WM: Guy left in early ’85. I left in Fall of ’85. That was it. I didn’t see any point in staying with the label not being to focus on all of their groups.

ODW: But you returned to the band? During what years?
: In ’94. Angie Stone called to tell me Hank and Joey were performing. I went to the show and performed. Joey told me they had other shows lined up. I stayed. One show lead to another and another. That lasted until 2005. It wasn’t a bad run. By March, shows were dying out. I called to tell him I had a good run and it was time for me to bounce.

ODW: When did the current band’s rebirth begin?

VOD Spotlight On Andrew Sayre (WHATEVER MAKES YOU HAPPY)June 23, 2013

VOD Spotlight On Andrew Sayre (WHATEVER MAKES YOU HAPPY)

Andrew Sayre

Exploring the all too common trappings of dissatisfaction and infidelity in the relationships of urban twenty-somethings, "WHATEVER MAKES YOU HAPPY" tells the story of Anna and Alex, two fundamentally different people. Anna is a practical and bookish grad student. She lives a comfortable, yet safe life of study, friends, and her long-time boyfriend Kevin. Alex is a laid back musician, living the carefree urban hipster lifestyle, perfectly happy to coast through life unencumbered or work too hard for anything. Everything changes when by chance Anna and Alex meet through friends and connect in a way neither of them expected. This unlikely pair start a fiercely heated affair, putting both of their worlds in jeopardy. Is what they have together enough to survive the damage it causes?



See the latest Independent Movie On Demand (IMOD) Trailers here...

On Demand Weekly (ODW): How did you get started? Film school?
Andrew Sayre (AS): Wel lI'm sure like most filmmakers, I decided on the career pretty young, back in high school. I went to college with only that goal in mind, and recieved my BA from Keene State College in Keene, NH. With a minor in philosophy, to keep it interesting.


ODW: You shot WHATEVER MAKES YOU HAPPY in 2010. When did you write the script and how did you finance the production?
: I started writing the script in December of 2009, and had a finished ready to go script around late May/ early June of 2010. Which is lightning fast- I've ever had a film script come out that fast in my entire life. Usually its at least three times longer if they survive the writing process at all, which most never do. But this one just flowed out like water.



I self-financed the film with a combination of thorough belt tightening and collecting a year or two of my tax returns. Even with all that we are talking bare bones nothing production- I spent less on my whole film shoot than even low budget indies will spend on their craft service table. But, it got done, and done well. Better than films with 20 times its budget.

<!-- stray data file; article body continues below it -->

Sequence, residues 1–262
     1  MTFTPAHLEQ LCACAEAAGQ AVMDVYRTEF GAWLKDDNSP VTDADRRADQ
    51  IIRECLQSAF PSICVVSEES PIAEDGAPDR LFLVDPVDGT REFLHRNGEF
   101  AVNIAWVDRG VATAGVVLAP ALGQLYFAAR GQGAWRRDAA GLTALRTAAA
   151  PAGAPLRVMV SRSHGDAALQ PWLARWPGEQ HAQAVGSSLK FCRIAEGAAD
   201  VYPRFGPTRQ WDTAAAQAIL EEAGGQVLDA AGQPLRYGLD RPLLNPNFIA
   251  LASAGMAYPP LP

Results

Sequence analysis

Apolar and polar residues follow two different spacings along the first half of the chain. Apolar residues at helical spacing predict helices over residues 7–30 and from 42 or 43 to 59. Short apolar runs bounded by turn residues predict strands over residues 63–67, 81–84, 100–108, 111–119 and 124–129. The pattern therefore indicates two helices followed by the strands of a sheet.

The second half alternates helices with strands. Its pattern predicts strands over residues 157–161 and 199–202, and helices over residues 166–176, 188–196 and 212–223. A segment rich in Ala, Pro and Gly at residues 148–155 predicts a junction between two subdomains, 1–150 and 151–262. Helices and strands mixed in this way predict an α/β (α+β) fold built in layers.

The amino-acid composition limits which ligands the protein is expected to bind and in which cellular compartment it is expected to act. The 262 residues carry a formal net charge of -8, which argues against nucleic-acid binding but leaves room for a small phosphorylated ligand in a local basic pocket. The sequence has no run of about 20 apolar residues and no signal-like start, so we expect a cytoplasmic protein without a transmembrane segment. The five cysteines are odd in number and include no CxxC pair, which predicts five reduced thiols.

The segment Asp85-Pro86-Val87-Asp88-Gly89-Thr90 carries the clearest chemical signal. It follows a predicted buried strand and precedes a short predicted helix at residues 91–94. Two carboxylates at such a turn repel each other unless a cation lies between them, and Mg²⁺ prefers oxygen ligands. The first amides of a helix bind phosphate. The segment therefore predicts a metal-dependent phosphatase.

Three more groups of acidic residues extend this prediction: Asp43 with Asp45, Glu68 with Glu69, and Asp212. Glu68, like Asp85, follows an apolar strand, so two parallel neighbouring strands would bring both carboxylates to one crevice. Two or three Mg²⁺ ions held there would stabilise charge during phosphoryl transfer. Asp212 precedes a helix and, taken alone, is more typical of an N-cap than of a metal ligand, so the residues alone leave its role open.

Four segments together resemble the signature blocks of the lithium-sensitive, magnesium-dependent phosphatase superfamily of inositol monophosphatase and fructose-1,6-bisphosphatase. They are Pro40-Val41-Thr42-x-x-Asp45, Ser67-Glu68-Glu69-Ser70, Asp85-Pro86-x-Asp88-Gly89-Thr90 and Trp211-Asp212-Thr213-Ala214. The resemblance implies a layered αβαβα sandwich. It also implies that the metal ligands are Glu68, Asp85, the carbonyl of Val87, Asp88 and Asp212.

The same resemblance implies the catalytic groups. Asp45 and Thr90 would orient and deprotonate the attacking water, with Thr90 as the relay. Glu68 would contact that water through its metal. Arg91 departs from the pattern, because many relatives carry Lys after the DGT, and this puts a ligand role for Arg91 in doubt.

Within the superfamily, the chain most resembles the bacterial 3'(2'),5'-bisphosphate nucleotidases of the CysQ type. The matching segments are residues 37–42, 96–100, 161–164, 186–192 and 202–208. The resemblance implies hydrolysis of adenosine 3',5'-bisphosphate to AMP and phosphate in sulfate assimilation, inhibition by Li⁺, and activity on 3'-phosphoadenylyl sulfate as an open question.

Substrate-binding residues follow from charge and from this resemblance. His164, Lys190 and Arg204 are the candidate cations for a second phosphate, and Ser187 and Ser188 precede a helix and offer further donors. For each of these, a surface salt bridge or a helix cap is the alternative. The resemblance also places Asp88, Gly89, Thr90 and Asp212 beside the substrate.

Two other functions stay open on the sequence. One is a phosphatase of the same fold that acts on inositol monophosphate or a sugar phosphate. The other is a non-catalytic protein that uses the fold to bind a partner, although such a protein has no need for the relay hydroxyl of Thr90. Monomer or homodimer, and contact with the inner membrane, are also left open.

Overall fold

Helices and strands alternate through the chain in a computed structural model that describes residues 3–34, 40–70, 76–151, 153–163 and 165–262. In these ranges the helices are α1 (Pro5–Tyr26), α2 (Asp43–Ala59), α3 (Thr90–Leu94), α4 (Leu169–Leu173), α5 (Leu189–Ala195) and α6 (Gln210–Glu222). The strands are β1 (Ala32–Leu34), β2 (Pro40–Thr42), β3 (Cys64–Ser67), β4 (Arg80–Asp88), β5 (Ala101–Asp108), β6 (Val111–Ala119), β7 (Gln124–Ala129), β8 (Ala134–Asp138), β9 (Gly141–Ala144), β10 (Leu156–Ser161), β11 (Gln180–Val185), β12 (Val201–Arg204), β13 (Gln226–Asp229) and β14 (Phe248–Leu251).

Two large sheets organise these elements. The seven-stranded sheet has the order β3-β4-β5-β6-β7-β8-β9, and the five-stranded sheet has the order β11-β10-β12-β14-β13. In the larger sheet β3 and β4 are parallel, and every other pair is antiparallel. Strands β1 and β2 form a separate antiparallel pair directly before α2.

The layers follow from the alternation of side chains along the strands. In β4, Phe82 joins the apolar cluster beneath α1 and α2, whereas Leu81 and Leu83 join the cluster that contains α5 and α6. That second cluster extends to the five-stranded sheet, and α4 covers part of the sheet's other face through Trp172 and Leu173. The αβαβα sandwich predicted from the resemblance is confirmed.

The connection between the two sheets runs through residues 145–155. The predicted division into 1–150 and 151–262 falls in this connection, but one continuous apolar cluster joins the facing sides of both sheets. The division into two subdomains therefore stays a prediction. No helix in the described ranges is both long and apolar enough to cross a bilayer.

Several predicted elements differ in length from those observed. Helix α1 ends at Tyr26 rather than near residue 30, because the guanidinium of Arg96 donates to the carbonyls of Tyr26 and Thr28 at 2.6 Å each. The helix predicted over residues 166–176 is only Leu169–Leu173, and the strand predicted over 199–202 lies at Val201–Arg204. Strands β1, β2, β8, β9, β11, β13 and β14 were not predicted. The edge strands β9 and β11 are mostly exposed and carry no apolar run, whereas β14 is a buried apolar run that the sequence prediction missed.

ODW: The film then played in several film festivals in 2011? How did you select which ones to enter and at this point what was your distribution strategy?
I took pretty much a scorched Earth policy towards festival submitting, as I submitted to pretty much as many festivals as I could afford to. I did of course do some looking into each one of them, to weed out ones that were clearly one type of scam or other (and there sadly a lot of them), and I didn't waste time with genre specific fests that my film didn't match: sci fi comedy, horror fests etc.


There were also some of the more prominent big name fests

I didn't submit to because I felt the chance of being accepted

at them were so remote...

...(if not outright nonexistent) that my limited funds were much better used at other smaller fests that might actually seriously consider programming my work.


ODW: The film is now available via Amazon, Createspace, and Online Movies Box. How were these outlets chosen and how is the film doing?

VOD Spotlight On Tim Roth (BROKEN)June 10, 2013

VOD Spotlight On Tim Roth (BROKEN)

BROKEN (Film Movement)

Summer has just begun, leaving 11-year-old Skunk’s (newcomer Eloise Laurence) days filled with dreams and curious wanderings. The one obligation placed on her by her devoted, single father (Tim Roth) -- she must always remember to regularly check her diabetes. The bond between Skunk and her father is loving and full of trust. It makes Skunk feel invincible.

However, when Skunk witnesses one neighbor savagely beating Rick, a psychologically-troubled boy from the neighborhood, her innocence begins to vanish. Despite the best attempts by her father to shield her, Skunk is unwittingly drawn into her neighbors’ unfolding melodrama of violence, sex, and illness. Filled with fear and doubt, Skunk’s happy childhood threatens to fall away leaving a broken, complex future unless she can be saved by the intense love of her father. BROKEN (Film Movement), is on Ultra VOD & Theatrically and iTunes/VOD on July 19th. Read our review



See the latest Independent Movie On Demand (IMOD) Trailers here...

On Demand Weekly ODW: BROKEN is a complex story about a middle class British neighborhood in a small cul-de-sac. What drew you to the role of Archie?
Tim Roth (TR):
A friend of mine produced it and I was wondering what she was working on. She sent me a script to look at and I thought it was wonderful. I thought the character (Archie) was warm, loving and a very good parent. It’d be interesting to play someone like that, have something disastrous happen to him and how he deals with it. 

ODW; Were you familiar with the book by Daniel Clay BROKEN is adapted from?
No. I had no idea. It completely missed me. The same as well with the director, Rufus Norris, because I’ve been living in America for so long. Fascinating the world he moves in.